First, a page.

During 2D segmentation, the display changes automatically to three windows. The two left 2D-view reslice windows show the image intensity and magnitude of the gradient on a plane perpendicular to the vessel path. The right 3D-view window shows the path, the contour groups, and an image reslice probe that travels along the path. In either reslice window, a user can create a 2D contour using (1) automated segmentation based on standard level set and thresholding methods , (2) analytical methods to create a circle, ellipse, or spline polygon interactively, or (3) by manually drawing the outline of the vessel lumen. The new version enables the user to see the contour change interactively as the user varies the threshold value. Similar to a path, a contour has multiple control points available for the user to translate or scale as needed. All contours in the group are listed in the GUI with relevant information such as construction method, centroid, area, and perimeter. After creation, a contour can be converted to another type, Fourier smoothed, or copied to another location along the path.
During 2D segmentation, the user can now preview the lofted surface as additional contours are added along the path(s). The surface represents the vessel lumen and is updated automatically as the group or individual contours are modified. There are two methods for lofting the contours together, spline or nonuniform rational basis spline (NURBS) based interpolation, each with several tunable parameters. Batch segmentation using the level set or thresholding method is implemented, enabling the user to create a series of contours in along a path automatically.
SimVascular now incorporates a new 3D segmentation tool based on the colliding fronts algorithms  originally developed for VMTK. Compared to 2D segmentation, 3D segmentation may be better suited to capture local features such as aneurysms and vessel junctions, and can be used to rapidly segment entire vessel branches.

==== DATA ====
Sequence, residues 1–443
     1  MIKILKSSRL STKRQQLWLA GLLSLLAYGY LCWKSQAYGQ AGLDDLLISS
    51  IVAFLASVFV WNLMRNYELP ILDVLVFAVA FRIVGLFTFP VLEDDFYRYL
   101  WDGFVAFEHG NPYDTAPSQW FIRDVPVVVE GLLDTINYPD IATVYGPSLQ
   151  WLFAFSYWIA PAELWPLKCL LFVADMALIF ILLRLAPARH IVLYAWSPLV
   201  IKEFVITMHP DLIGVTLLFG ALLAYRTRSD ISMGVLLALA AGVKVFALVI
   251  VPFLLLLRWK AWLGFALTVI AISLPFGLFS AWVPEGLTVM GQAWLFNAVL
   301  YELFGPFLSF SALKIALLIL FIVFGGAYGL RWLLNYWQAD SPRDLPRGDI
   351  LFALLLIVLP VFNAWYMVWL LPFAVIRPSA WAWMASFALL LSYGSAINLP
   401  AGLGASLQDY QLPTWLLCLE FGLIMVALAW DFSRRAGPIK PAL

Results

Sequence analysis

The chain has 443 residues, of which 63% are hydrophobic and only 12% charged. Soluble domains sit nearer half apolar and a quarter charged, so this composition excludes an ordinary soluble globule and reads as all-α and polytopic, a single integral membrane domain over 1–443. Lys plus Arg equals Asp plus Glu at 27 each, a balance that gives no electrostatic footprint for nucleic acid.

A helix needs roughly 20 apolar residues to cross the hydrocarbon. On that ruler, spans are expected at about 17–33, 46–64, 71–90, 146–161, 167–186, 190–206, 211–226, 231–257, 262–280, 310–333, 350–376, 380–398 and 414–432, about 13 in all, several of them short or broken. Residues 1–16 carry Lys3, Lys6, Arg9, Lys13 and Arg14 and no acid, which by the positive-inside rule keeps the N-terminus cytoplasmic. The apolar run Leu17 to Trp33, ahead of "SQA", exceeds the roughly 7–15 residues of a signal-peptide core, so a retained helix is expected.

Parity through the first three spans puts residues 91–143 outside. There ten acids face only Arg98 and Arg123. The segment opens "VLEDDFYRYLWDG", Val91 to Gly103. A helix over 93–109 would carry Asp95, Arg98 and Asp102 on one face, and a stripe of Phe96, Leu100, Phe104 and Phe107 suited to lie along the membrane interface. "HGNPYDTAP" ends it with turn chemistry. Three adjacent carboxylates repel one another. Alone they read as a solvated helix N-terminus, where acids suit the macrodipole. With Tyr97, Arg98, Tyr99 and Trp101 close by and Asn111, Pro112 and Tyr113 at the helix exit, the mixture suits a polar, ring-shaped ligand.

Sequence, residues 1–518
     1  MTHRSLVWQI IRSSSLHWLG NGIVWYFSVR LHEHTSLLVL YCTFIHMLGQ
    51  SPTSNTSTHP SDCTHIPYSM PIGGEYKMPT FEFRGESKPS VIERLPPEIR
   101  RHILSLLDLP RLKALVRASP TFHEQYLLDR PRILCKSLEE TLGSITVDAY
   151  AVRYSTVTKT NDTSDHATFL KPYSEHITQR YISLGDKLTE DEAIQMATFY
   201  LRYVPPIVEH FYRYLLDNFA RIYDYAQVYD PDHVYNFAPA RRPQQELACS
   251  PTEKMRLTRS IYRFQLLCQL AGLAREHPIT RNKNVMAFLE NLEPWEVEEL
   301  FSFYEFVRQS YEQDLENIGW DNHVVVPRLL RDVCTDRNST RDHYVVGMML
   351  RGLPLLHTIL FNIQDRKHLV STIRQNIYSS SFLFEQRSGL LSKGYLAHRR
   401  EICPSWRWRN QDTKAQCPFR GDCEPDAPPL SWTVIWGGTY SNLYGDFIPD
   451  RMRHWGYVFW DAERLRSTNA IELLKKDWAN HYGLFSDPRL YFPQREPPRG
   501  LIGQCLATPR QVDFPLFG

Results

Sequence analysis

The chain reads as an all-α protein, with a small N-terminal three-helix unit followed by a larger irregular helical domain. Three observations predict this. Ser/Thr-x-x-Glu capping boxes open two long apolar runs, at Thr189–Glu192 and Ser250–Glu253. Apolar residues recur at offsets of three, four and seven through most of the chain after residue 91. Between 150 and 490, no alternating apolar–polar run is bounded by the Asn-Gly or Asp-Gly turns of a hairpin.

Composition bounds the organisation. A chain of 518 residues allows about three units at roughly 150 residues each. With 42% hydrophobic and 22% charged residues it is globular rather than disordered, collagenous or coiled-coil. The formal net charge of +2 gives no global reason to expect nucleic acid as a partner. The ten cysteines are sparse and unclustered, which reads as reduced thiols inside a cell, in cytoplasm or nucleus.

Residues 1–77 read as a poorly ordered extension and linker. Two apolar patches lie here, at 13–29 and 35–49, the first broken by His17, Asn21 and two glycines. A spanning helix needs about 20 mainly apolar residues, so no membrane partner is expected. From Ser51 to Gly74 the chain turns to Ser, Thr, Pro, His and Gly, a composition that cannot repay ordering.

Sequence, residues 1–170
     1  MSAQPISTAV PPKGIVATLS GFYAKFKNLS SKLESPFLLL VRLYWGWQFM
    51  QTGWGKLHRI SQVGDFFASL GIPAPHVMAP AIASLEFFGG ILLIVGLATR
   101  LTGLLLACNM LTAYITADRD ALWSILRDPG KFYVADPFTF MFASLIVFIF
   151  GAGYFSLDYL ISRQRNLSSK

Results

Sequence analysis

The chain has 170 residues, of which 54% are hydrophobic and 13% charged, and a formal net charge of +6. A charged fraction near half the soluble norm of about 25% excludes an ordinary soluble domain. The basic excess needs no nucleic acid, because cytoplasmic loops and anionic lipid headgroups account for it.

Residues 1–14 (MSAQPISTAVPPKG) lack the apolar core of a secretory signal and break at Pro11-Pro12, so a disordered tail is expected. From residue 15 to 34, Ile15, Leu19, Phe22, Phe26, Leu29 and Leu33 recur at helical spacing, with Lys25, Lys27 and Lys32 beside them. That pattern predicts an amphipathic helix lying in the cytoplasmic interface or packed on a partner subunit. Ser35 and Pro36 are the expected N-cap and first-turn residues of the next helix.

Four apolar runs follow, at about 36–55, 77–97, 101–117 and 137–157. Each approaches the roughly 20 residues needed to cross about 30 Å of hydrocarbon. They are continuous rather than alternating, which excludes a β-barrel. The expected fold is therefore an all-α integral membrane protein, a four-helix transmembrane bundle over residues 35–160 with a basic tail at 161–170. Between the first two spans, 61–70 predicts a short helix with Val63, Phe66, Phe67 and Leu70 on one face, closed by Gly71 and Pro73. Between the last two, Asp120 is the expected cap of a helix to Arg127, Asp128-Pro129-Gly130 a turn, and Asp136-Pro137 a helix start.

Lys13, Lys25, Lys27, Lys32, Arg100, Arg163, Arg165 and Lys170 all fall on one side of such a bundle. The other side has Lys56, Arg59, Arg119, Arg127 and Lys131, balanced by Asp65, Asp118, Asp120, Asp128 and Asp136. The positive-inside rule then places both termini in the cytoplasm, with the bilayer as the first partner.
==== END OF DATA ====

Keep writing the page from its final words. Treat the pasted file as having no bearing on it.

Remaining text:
where I is the image intensity, is the Euclidean norm, and is the arrival time function indicating the time taken to travel from an initial point to the location (x, y, z) in the speed field . The boundary, , is typically set to be a point and indicates the starting point of the front.
As specified in Eq. (1), the speed with which the front(s) propagate decreases with lower image intensity. As a result, when initialized inside the vessel lumen, in contrast-enhanced medical images, fronts will propagate slowly once they reach vessel boundaries. Additionally, the gradient of the arrival time, , will be aligned along the vessel centerline. Using this method, a single vessel can be segmented by initializing two fronts, T1 and T2, at the start and end points of a vessel, solving the Eikonal equation and selecting all points where . For multivessel models, multiple pairs of seed points can be placed interactively.
SimVascular provides a user interface to launch the colliding fronts algorithm, with which users can interactively position starting and ending seed points by manipulating axial, coronal, and sagittal planes in a 3D view. Additionally, lower and upper image intensity threshold bounds can be specified. The threshold option can improve segmentation in regions with low intensity contrast.